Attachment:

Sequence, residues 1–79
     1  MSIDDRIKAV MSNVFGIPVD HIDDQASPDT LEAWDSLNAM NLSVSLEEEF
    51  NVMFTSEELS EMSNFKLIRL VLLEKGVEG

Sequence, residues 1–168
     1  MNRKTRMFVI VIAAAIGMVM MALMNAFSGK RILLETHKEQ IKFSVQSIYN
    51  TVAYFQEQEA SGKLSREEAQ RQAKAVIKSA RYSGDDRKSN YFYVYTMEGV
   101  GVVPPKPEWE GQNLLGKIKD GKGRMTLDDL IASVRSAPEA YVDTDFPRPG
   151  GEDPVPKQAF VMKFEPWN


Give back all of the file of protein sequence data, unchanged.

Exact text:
Sequence, residues 1–79
     1  MSIDDRIKAV MSNVFGIPVD HIDDQASPDT LEAWDSLNAM NLSVSLEEEF
    51  NVMFTSEELS EMSNFKLIRL VLLEKGVEG

Sequence, residues 1–168
     1  MNRKTRMFVI VIAAAIGMVM MALMNAFSGK RILLETHKEQ IKFSVQSIYN
    51  TVAYFQEQEA SGKLSREEAQ RQAKAVIKSA RYSGDDRKSN YFYVYTMEGV
   101  GVVPPKPEWE GQNLLGKIKD GKGRMTLDDL IASVRSAPEA YVDTDFPRPG
   151  GEDPVPKQAF VMKFEPWN